Fantasizing is part of life. I admit I sometimes daydream about rolling down the highway in a BMW 7 Series or relaxing poolside with a drink somewhere in Fiji. Here in Atlanta, we have one continuous pity party over our lack of a true CHR station. So 105.7 The Groove's announcement that it would get "bigger, better and louder" on Labor Day set off the fantasizing big time. Hey, why not?
Posters on Radio-Info.com rearranged the entire Clear Channel Atlanta cluster. Even WGST was back on FM. And 94-9 The Bull was to be replaced with a new and better Groove. When reality set in on Labor Day, however, Clear Channel had made one of the two moves that would have made sense; it added the small 96.7 signal south of town to create a 105.7/96.7 simulcast of The Groove. It was a reasonable and conservative way to go.
Moving The Groove to 94.9 or 96.1 would not have made good business sense. At last listen, The Groove had just about completed its post-Beat journey to Rhythmic CHR, a format that's not one of the more mass, bigger-billing ones. The Groove's revenue potential might be in the $7 or $8 million-dollar range. The 94.9 and 96.1 signals, both 99,000 watts from in town, are worth too much for that kind of revenue; those signals need billings commensurate with their value. Mainstream CHR, on the other hand, is a mass-appeal format that can bill big.
Has anyone noticed that Clear Channel's CHR's are racking up big ratings across the U.S.? Stations like Z107.7 in St. Louis, Hot 99.5 in Washington, Wild 95.5 in West Palm Beach and 96.5 Kiss FM in Cleveland are just some examples of CC CHR's that have soared to new ratings heights. The company has learned how to do CHR. Would doing it in Atlanta on 94.9 or 96.1 make sense?
In its first 2 years, 94-9 The Bull was a poorly-programmed Country station filling a format hole that wasn't there. Its ratings reflected that and had people wondering why Clear Channel had destroyed the market's second AC station. The Bull was thought to be a failure, and format flip rumors ran rampant. Then in 2008, Melissa Forrest took over as Market Manager with an eye toward making the station a success. She relaunched it on the Monday after Thanksgiving, 2008. The new Bull was a far better product though still up against heritage Kicks 101-5. Little by little, The Bull inched forward though taking little from Kicks.
Early this year, with the market's Country shares stretched to the limit, something had to give, and that something was The Bull. Ratings started declining, but Forrest stayed the course, and things began to turn. While Kicks still holds a substantial lead, The Bull became a top-10 station in the August PPM ratings, breaking a 4% share. Country attracts prime demos though its power ratio (share of ad dollars vs. share of audience) is lower than CHR's. The clear message for The Bull is to stay the course and keep pinging Kicks for the long term.
Project 9-6-1's looks are deceiving, at least its Persons 6+ looks. While the station was #17 in the beauty contest, it was #2 in Men 18-34 and tied for #2 in Men 18-49 during July. That means beers, cars and other manly products should be easy captures for the station, translating to some decent billings. So Clear Channel appears to be under no pressure to flip 96.1. Nevertheless, with The Beat gone and Q100's music often straying away from current hits, Atlanta's CHR format hole seems to have gotten bigger. With Clear Channel's CHR finesse, flipping 96.1 to CHR might give the company two top-10 stations in a market that has been CC's achilles heel, and increase revenue.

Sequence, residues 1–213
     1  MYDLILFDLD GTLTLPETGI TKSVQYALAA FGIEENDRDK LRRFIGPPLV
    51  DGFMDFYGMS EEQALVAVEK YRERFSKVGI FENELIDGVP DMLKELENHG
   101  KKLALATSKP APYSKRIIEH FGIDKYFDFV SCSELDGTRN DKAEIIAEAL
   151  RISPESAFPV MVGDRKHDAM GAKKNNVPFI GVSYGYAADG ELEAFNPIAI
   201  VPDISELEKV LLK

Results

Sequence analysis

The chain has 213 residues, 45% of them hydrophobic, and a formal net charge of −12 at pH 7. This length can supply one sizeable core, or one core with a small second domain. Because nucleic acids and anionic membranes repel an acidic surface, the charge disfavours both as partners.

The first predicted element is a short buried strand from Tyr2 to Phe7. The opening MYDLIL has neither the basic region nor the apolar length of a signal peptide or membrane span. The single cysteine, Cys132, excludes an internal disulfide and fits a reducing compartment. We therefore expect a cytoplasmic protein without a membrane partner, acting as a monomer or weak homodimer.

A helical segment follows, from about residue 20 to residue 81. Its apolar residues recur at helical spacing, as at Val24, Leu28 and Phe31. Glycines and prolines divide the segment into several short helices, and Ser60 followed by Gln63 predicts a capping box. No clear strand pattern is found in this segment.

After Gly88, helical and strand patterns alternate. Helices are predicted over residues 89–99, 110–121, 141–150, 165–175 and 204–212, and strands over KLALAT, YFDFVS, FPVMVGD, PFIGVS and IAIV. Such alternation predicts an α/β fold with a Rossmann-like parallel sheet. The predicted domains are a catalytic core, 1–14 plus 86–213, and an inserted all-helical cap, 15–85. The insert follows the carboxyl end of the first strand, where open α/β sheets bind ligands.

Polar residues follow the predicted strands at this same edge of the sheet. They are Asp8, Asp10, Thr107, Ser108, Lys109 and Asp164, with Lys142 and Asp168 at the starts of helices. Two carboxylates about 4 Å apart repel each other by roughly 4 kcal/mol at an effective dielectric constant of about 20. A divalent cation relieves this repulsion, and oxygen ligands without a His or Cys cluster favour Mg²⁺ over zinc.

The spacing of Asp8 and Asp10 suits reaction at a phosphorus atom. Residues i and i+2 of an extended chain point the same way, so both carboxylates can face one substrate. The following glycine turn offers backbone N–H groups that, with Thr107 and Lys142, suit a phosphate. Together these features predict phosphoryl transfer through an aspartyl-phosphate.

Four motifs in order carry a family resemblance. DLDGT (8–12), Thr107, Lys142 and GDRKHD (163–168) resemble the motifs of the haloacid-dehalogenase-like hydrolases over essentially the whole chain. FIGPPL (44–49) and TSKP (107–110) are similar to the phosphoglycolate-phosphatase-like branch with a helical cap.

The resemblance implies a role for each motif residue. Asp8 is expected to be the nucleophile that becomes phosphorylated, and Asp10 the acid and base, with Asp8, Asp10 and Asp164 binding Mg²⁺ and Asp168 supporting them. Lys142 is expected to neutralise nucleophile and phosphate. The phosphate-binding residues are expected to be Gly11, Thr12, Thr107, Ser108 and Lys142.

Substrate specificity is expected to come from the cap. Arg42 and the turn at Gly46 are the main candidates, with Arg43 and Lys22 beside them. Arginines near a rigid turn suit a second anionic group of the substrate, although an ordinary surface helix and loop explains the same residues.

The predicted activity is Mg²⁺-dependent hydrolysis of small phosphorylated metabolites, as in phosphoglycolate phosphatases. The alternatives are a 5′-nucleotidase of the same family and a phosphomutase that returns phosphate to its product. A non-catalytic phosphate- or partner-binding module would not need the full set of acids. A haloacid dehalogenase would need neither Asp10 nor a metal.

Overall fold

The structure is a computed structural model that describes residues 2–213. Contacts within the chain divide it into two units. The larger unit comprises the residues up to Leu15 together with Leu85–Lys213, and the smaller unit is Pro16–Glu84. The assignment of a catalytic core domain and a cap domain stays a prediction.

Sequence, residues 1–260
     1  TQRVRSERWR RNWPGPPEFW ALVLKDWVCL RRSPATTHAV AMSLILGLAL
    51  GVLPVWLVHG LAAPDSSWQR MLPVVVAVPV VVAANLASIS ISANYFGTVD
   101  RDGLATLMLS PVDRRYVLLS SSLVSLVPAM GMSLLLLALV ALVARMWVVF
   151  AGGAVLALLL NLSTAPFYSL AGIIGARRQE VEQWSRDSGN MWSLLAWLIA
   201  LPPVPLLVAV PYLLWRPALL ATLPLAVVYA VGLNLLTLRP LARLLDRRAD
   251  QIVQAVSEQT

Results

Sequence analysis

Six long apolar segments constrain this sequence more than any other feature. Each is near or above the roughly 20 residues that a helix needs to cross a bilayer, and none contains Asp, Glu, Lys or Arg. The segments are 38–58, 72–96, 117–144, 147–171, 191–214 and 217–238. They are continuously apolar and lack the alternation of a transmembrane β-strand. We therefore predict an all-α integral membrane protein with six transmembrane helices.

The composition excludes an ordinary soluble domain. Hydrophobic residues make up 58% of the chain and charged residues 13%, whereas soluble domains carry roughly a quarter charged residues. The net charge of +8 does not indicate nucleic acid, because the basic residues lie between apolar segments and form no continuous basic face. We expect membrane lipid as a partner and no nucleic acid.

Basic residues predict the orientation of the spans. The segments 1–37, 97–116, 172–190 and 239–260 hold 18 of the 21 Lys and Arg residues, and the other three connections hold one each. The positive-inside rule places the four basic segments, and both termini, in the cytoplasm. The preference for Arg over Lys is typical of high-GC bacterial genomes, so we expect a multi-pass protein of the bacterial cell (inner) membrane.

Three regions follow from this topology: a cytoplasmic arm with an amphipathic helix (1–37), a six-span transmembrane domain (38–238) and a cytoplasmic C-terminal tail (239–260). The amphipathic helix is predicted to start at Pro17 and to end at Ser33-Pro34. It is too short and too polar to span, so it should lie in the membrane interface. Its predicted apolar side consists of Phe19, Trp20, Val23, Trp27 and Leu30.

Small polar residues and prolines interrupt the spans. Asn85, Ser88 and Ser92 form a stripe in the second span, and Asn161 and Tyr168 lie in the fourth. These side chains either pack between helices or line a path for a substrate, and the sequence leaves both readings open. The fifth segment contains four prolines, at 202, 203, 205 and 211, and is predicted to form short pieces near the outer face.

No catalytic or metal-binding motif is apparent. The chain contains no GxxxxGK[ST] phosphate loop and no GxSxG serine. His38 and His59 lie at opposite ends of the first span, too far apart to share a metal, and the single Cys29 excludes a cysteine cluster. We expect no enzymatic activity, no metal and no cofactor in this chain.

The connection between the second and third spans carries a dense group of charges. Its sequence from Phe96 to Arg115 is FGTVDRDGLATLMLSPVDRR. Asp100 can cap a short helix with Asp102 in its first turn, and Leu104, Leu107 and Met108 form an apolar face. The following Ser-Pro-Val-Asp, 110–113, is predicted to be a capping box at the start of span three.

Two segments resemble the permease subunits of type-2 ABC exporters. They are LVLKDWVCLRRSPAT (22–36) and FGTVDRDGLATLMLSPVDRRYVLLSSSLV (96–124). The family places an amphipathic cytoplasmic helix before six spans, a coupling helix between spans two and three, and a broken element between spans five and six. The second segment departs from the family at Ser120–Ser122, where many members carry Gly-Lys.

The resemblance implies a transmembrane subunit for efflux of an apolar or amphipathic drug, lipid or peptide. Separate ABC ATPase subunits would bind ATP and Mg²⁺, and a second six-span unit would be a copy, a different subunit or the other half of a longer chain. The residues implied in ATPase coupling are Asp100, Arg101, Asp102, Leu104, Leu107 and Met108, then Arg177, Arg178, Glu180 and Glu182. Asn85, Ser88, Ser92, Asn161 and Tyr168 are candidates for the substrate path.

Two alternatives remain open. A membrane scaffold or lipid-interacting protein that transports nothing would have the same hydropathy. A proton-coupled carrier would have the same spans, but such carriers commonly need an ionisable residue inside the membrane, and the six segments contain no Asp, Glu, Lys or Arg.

My opinion is that Clear Channel should stay pat with Project 9-6-1 at least until The Bull is firmly entrenched as a top-billing station. After that, the risk might be worth taking (though 105.7 would have to be rethought). The problem for Clear Channel would be that Q100 holds the cards. Q100 has The Bert Show, which would be a huge barrier to success for any CHR newbie. With Bert in command during mornings, Q100 could revamp its music clock in the other dayparts, making significant listener jump to 96.1 a more unlikely proposition. Nevertheless, the young audience is a fickle one, and seeing a CC full-power CHR in Atlanta succeed big would not surprise me.
Although the addition of 96.7 to 105.7 The Groove should prove beneficial, a better move, and one that I've been touting ad nauseam, would have been to switch frequencies with El Patron at 105.3. The 105.3 signal is competitive inside Atlanta, which both 105.7 and 96.7 are not. While 105.7 puts a strong signal into affluent northern areas such as East Cobb, 105.3 is almost as potent. Though coverage maps show 105.3's city-grade signal stopping at Sandy Springs, we doubt that's really the case. Clear Channel knows how to maximize signals, and you can bet that the 105.3 signal is not really circular as shown on maps; that it's maximized toward the northeast, which can be done legally on FM without becoming officially directional.
The 105.7 signal provides good coverage of the market's high density Hispanic areas, Gwinnett County, Smryna and Austell. More importantly, 105.7 proved it could get good ratings with a Latino format when it was Viva prior to the launch of El Patron.
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Link to Rodney Ho's AJC Radio & TV Blog: http://blogs.ajc.com/radio-tv-talk/